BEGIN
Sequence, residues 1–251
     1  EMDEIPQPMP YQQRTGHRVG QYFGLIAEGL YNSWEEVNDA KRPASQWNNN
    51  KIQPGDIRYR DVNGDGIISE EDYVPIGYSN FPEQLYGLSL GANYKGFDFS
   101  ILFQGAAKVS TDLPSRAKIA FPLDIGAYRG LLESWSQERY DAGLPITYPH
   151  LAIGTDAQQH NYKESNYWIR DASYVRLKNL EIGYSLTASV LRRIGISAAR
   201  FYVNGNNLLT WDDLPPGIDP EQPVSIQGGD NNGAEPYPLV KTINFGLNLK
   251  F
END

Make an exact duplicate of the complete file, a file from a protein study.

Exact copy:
Sequence, residues 1–251
     1  EMDEIPQPMP YQQRTGHRVG QYFGLIAEGL YNSWEEVNDA KRPASQWNNN
    51  KIQPGDIRYR DVNGDGIISE EDYVPIGYSN FPEQLYGLSL GANYKGFDFS
   101  ILFQGAAKVS TDLPSRAKIA FPLDIGAYRG LLESWSQERY DAGLPITYPH
   151  LAIGTDAQQH NYKESNYWIR DASYVRLKNL EIGYSLTASV LRRIGISAAR
   201  FYVNGNNLLT WDDLPPGIDP EQPVSIQGGD NNGAEPYPLV KTINFGLNLK
   251  F